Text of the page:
It's a tradition as old as hockey itself.
But a new rule endorsed by the CJHL, and adopted by the MJHL, could come close to eliminating it from the game.
The MJHL announced Friday the league will be adopting a “one-fight” rule. The announcement followed a vote by the CJHL board of directors on Wednesday that was “overwhelmingly” in favour of giving an automatic game misconduct for fighting as a new national minimum discipline.
For Neepawa Natives fans, that means that next year, if a player fights, they will be ejected for the remainder of the game.
And while it may appear it's the league's way of ending all hockey fights in the league, MJHL commissioner Kim Davis has said that's not the goal of the new rule.
“I wouldn't say it's about...eliminating fighting,” Davis told The Neepawa Press Friday. “It's about continuing an effort on our part, and the part of other leagues in the country, to diminish violence in the game.”
The commissioner added that the goal of the new rule is to make the league more skill-based.
“Our league's main objective is to develop the skill of young players and provide entertainment and excitement for our fan,” Davis noted. “Fans love great passes and great skill.”
Currently, the MJHL employs a “two-fight rule” where players are ejected after the second fight in the same game. A related rule in the MJHL sees players face a one-game suspension, and teams a substantial fine, when a player exceeds their fifth fight in a season.
However, many hockey fans and sport fundamentalists across the country – and around Neepawa – are questioning why the CJHL and, by extension, the MJHL, are aiming to further decrease the amount of fighting in Junior 'A' hockey. Fighting is a tradition as old as modern hockey itself, with even the first indoor ice hockey game played March 3, 1876 at McGill University featuring its fair share of fistacuffs.
Neepawa Natives head coach Dwayne Kirkup is among those hockey enthusiasts disappointed with seeing the new rule come into effect.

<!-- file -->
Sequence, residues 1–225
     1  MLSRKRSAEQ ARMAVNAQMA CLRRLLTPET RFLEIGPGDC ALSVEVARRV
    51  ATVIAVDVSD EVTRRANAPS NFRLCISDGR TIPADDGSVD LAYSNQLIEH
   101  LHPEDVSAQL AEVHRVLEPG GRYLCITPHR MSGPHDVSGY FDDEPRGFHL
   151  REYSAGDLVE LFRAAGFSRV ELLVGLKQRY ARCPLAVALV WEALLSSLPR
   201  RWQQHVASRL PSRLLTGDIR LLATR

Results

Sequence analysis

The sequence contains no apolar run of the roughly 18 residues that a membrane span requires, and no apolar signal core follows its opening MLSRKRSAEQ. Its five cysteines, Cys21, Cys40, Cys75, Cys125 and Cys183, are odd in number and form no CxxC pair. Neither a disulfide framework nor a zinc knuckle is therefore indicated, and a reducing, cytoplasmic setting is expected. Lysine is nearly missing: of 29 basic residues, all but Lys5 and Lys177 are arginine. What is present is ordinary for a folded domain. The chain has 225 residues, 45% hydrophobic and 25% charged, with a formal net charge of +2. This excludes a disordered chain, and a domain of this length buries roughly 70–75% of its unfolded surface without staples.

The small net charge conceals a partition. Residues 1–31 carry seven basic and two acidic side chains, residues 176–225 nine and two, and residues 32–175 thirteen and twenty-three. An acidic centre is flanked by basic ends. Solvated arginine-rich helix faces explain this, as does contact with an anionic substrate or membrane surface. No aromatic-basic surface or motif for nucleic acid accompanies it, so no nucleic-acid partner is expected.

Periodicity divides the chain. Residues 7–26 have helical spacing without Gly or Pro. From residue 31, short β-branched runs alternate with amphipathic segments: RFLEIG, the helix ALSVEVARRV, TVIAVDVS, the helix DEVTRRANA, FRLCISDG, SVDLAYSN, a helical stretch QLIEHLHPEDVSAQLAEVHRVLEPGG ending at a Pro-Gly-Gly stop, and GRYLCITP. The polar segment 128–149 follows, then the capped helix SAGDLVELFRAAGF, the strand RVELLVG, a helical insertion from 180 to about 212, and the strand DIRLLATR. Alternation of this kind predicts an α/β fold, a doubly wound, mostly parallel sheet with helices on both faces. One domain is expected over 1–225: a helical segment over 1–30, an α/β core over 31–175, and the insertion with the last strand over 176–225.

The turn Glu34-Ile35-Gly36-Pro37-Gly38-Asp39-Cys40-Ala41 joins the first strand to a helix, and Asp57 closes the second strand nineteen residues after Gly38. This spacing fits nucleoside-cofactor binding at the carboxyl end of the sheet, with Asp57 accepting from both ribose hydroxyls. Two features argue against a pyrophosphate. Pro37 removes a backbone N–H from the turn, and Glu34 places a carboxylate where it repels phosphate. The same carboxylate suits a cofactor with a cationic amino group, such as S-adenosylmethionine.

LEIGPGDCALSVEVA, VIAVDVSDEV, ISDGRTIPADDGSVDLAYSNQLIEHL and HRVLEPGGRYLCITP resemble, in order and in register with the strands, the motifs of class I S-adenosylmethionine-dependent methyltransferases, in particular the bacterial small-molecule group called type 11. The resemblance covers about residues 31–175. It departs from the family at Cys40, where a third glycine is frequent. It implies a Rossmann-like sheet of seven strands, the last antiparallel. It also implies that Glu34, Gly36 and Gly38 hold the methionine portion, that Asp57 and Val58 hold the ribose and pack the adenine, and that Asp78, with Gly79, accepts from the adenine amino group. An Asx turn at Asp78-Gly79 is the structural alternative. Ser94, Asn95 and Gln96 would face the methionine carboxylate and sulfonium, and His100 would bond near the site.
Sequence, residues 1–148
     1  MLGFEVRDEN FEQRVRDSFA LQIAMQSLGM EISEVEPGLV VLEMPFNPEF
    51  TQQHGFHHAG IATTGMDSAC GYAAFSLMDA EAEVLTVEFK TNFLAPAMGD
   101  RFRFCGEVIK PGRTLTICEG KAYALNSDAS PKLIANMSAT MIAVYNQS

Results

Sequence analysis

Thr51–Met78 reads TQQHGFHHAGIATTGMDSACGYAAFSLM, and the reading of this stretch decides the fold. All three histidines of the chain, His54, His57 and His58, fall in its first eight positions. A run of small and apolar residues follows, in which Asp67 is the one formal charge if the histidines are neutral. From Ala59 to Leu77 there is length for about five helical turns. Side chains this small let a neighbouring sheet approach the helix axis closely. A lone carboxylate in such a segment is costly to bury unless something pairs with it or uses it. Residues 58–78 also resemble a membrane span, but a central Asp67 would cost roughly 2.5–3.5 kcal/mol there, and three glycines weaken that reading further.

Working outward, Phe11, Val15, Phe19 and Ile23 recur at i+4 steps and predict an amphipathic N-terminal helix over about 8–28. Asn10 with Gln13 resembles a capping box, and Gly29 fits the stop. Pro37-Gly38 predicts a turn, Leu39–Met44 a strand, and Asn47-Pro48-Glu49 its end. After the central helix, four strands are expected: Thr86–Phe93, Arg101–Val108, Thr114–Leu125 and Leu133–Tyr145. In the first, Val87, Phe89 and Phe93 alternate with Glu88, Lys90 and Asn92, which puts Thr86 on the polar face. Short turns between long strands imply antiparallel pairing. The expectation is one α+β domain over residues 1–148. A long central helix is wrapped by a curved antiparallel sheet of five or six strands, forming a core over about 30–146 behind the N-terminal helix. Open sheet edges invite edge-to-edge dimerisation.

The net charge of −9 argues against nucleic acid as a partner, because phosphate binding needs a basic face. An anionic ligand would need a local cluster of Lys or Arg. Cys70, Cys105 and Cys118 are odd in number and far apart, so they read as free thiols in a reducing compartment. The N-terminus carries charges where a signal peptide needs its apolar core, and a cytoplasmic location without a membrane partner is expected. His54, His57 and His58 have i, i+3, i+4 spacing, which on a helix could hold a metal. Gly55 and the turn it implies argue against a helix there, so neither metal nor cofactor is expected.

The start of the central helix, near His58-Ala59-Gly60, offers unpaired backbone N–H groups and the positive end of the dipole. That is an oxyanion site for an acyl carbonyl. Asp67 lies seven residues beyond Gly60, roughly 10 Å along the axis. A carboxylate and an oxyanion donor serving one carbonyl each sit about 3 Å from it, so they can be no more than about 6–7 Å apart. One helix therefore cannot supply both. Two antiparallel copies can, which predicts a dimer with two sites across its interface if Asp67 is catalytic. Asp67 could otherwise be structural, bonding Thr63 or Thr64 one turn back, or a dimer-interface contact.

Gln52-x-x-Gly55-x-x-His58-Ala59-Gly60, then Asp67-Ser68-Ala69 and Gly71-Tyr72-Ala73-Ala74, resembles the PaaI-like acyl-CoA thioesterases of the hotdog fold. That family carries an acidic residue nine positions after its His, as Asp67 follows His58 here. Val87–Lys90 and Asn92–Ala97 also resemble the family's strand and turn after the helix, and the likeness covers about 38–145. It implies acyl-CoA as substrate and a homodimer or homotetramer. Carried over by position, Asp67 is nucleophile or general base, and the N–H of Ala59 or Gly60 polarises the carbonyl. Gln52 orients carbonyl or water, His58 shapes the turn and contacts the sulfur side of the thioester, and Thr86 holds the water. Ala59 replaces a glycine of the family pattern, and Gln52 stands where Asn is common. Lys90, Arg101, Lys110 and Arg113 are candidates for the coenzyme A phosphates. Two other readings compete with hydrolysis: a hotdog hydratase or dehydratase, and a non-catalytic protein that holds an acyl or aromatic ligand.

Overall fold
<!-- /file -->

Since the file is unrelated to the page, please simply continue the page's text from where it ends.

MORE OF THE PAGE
“I don't like it,” Kirkup said. “I don't know why we make changes in the game, just to make changes in the game.”
The coach, like several analysts around the hockey world, is also concerned the “one-fight rule” will counteract its own goal, and actually create more injuries or underhanded violence in the league, as players won't have to worry about retribution for their actions.
“I think it's going to change the dynamics of the game in a way that I don't think is sending us in the right direction. I think it's going to make for more stickwork on players, and more head checks, and make it more dangerous for our players,” Kirkup explained.
Having an 'enforcer' on the team has long been a way for teams to protect their star players. Even Wayne Gretzky had the likes of Dave Semenko and Marty McSorley (admittedly not the best example with his hockey history in mind) waiting in the wings for players who threw cheap shots “The Great One's” way.
In Neepawa, the Natives brought in the likes of 6-foot-3, 215-pound defenseman Justin Coachman at the beginning of this season to help keep opponents “honest”.
And while Coachman is a well-rounded player – often featured on the team's starting line, penalty kill and powerplay – his presence alone has been noticeable in keeping Natives players protected this year – even with a five-fight limit, opponents second-think hits thrown and post-whistle scrums instigated during the game.
“Coachman doesn't go looking for it, but I say with him in the lineup everyone else is 10 pounds heavier and two inches taller,” Kirkup explained of the philosophy. “He's a steadying influence on the backline.”
The 20-year-old Coachman will have graduated the team by the time the one-fight rule is implemented next season but, regardless of the new punishments, Natives fans should expect to see a similar player on the roster next season and no changes in the way the Neepawa Junior 'A' club approaches its games.
“I still think we need that presence in the lineup. It's also about team toughness, it doesn't come down to one guy,” Kirkup concluded, adding, “I won't change my approach, I'll still teach players to be hard on the puck and aggressive.”